The state House Select Committee on Education Reform met Monday afternoon to discuss teacher compensation in North Carolina.

Experts say low starting pay leads to higher turnover rates for teachers early on in their careers. 

The committee heard a report from Brenda Berg, the president and CEO of BEST NC, a nonprofit coalition of business leaders looking to improve the state’s education system. 

Berg explained that one of the major challenges in the state is that it takes too long for teachers to reach a living wage. 

According to the MIT living wage calculator, for a family of four in North Carolina, each parent needs to be making roughly $53,000. The state salary schedule for teachers doesn’t hit that mark until after a decade, which Berg says doesn’t work for people who need to support their families. 

“This is when you have childcare, right? This is when you have greater expenses, but you have to hold on for 10, 15, 20 years in your career to be able to actually afford the childcare that you need five years into your career,” Berg said.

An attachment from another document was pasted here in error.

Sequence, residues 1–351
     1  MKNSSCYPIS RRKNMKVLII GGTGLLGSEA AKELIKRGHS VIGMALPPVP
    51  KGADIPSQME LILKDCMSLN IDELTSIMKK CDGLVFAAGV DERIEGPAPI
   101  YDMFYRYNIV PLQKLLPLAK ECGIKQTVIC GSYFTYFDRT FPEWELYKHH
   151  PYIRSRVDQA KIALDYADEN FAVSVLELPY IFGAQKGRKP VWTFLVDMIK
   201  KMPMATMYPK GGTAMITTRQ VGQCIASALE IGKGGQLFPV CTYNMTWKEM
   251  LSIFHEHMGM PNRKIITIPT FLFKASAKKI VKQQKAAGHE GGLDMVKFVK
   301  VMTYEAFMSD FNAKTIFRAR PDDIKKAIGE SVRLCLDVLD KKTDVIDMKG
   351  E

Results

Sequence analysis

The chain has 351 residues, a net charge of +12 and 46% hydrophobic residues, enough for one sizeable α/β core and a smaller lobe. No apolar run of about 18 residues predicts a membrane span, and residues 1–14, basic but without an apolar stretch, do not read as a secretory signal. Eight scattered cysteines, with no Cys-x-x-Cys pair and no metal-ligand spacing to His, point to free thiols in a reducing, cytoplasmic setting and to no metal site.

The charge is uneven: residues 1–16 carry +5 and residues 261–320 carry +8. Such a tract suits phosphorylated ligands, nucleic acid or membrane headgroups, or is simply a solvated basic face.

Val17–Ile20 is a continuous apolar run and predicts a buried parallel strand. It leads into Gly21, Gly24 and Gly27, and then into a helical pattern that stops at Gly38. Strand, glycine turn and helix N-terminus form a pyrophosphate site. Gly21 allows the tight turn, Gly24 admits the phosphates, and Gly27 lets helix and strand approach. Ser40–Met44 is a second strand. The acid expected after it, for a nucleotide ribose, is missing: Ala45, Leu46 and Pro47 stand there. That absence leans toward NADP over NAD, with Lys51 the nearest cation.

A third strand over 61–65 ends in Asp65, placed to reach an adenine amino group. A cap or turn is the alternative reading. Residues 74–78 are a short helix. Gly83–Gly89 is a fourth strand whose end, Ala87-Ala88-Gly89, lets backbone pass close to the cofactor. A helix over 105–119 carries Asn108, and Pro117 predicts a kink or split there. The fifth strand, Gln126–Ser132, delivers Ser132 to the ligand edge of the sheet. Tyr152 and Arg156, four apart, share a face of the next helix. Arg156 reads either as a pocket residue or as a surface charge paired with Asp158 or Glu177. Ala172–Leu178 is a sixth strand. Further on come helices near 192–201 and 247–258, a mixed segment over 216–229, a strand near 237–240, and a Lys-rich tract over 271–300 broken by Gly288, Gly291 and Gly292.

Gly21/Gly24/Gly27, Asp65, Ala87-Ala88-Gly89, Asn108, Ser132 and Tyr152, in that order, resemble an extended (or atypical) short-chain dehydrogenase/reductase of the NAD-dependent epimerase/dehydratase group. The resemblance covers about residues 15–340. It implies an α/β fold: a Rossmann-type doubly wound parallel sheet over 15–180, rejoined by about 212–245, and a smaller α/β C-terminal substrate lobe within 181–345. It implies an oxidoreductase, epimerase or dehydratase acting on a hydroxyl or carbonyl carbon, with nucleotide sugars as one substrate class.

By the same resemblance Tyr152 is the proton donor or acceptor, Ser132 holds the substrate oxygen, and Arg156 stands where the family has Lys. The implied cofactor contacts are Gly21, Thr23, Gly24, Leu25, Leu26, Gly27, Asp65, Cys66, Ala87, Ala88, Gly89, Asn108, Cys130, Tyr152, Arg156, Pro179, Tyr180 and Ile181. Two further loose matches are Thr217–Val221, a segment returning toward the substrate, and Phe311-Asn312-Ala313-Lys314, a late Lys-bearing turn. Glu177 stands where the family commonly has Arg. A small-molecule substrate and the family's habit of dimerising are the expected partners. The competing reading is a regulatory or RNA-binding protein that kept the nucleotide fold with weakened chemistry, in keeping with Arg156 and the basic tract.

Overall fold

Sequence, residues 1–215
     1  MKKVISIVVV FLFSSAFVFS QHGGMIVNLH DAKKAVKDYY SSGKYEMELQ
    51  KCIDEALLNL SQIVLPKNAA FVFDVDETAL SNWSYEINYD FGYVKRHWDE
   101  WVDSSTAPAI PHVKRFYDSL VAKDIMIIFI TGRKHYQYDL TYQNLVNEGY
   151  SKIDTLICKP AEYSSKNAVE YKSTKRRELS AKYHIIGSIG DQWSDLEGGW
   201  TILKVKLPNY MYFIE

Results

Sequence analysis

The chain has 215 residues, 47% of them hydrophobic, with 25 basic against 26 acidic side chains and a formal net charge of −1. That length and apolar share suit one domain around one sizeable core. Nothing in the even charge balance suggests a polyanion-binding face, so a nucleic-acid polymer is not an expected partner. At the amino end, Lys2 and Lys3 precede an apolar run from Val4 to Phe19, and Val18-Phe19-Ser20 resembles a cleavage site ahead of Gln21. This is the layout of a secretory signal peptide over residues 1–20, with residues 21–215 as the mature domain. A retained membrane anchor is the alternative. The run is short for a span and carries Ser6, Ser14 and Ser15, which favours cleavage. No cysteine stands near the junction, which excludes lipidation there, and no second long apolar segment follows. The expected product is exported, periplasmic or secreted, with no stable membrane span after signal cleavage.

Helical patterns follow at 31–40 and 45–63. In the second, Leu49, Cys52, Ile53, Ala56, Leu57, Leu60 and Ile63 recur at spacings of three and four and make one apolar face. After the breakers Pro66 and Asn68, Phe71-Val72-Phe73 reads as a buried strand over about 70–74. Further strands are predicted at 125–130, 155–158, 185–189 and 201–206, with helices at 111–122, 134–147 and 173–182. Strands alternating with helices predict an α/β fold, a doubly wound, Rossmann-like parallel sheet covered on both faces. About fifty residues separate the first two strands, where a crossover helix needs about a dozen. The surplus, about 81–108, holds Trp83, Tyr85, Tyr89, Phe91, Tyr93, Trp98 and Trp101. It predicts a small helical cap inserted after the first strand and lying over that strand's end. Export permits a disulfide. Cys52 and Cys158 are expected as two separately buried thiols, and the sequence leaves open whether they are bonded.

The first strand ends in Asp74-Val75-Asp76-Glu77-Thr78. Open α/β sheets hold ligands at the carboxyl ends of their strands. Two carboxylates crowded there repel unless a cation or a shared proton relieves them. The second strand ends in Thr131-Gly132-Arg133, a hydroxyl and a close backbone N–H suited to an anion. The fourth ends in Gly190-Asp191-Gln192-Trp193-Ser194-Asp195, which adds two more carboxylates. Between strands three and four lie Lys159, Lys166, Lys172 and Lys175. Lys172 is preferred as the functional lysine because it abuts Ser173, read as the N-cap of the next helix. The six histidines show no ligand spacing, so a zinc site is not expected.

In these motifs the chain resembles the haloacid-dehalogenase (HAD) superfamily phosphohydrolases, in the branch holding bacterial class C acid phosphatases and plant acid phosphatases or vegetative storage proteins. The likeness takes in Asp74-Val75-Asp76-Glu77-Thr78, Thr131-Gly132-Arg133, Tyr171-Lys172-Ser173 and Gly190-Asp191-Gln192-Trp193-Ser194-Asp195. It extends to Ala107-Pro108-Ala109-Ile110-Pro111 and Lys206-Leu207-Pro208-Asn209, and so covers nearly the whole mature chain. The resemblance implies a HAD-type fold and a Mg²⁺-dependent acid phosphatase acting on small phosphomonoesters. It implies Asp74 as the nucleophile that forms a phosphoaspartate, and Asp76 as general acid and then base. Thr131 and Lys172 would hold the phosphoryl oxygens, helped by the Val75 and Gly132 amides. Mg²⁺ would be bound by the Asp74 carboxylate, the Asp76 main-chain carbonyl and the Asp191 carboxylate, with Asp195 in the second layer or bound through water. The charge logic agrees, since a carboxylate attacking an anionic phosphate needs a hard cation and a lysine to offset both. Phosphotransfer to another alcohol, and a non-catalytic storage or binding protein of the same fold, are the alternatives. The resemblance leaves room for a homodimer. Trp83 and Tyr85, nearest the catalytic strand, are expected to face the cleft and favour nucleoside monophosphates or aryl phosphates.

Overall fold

As a result, she says turnover rates for educators are dramatically higher in the first few years of their teaching. 

Another issue Berg pointed out is that the state’s highest-poverty schools have the greatest percentage of beginning teachers. 

“There's really no other industry where we wouldn't pay you to be where you're needed most," Berg said. "We wouldn't pay you for the harder job. And we don't do that in our current model.”

She encouraged increasing starting pay so everyone has a living wage base to build on and providing additional funding for positions and schools that are hard to staff. 

The committee will meet again January 29. 

Amy Diaz covers education for WFDD in partnership with Report For America. You can follow her on Twitter at @amydiaze.

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